COVID-19 vaccine: Dr Paul said that two Indian COVID-19 vaccines are in phase 1 and 2 of trials and discussions have begun as to how the vaccines will be made available to all those who require it.
COVID-19 vaccine: As all around the world the focus is now on a vaccine for Coronavirus, NITI Aayog member Dr VK Paul said on Tuesday that discussions are on as to how the COVID-19 vaccine will be made available to all those who need it.
ANI reported Dr Paul, Member (Health), NITI Aayog, as saying that two of India’s COVID-19 vaccines are in phase 1 and 2 of trials and discussions have begun as to how the vaccines will be made available to all those who require it.
The Government of India will ensure people of India and the international community have access to an Indian vaccine as early as possible, the NITI Aayog member avered, and added that all possible facilitation will be ensured to make sure the trials are conducted scientifically and ethically and that an affordable option is found.
As of now, the human trials of India’s indigenous COVAXIN are scheduled to take place at AIIMS-Delhi, Redkar Hospital in Goa, and Bhubaneswar’s Institute of Medical Sciences and SUM Hospital, among other places. AIIMS Patna and PGI Rohtak have already begun conducting the clinical trials of the potential COVID-19 vaccine that is being jointly developed by the Indian Council for Medical Research (ICMR), National Institute of Virology, Pune, and Bharat Biotech International Limited (BBIL).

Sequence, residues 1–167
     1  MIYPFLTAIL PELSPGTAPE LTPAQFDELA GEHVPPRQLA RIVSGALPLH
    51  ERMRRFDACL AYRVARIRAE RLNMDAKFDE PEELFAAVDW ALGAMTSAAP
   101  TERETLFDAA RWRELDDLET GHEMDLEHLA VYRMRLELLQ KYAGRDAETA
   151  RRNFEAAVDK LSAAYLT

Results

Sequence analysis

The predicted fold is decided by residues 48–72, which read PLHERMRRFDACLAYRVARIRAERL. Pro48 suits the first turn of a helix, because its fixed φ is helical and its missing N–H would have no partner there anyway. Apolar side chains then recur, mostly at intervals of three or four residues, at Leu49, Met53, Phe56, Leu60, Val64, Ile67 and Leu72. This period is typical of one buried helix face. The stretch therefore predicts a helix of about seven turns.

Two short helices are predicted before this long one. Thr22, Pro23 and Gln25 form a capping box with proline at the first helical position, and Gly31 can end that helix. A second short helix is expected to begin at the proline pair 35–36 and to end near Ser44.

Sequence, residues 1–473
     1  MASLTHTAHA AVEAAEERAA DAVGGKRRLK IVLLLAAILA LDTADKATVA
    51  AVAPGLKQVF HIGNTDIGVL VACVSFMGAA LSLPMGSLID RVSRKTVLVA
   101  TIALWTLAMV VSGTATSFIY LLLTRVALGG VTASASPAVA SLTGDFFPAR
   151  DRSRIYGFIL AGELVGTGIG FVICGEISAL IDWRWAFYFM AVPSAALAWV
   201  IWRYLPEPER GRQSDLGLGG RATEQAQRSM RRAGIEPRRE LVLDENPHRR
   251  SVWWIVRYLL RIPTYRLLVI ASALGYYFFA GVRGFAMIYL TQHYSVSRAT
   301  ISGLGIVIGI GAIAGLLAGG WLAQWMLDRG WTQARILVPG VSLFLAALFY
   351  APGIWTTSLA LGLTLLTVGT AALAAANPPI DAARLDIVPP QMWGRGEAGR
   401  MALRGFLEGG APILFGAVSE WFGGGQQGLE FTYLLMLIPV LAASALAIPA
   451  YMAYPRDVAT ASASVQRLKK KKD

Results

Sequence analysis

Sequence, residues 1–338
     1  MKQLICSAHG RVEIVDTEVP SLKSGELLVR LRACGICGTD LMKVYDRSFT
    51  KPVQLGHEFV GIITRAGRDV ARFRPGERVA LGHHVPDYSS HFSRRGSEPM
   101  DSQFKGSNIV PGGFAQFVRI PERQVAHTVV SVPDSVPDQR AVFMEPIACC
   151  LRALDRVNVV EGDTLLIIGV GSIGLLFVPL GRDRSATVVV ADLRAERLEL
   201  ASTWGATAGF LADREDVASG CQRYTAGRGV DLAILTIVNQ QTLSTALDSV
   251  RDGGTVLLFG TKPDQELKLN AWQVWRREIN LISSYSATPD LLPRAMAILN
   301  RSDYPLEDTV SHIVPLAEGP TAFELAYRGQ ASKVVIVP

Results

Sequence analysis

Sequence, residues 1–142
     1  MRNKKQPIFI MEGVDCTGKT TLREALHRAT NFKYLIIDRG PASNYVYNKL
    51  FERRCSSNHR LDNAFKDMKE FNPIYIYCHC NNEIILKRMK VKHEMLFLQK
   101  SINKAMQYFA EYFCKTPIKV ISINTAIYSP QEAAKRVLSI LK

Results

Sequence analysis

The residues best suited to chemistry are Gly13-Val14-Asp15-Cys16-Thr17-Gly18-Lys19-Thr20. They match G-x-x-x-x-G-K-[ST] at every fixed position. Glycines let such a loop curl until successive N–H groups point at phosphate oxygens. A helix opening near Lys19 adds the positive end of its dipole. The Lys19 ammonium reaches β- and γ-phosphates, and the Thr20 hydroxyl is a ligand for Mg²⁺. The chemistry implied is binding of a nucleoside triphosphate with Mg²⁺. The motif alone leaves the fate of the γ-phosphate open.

Also on the list of probable centres where clinical trials of Covaxin will be conducted are medical institutes and hospitals located in Visakhapatnam, Belgaum in Karnataka, Nagpur, Uttar Pradesh’s Gorakhpur and Kanpur, Tamil Nadu’s Kattankulathur, Hyderabad, and Arya Nagar.
So far, the coronavirus vaccine candidate being developed by Oxford University and AstraZeneca has shown the most promising results as the scientists conducting the trial said on Monday that the vaccine can generate both antibodies and cell-mediated immune responses. The scientist community reacted to the potential breakthrough calling it very promising and interesting, while cautioning that there is still a long way to go.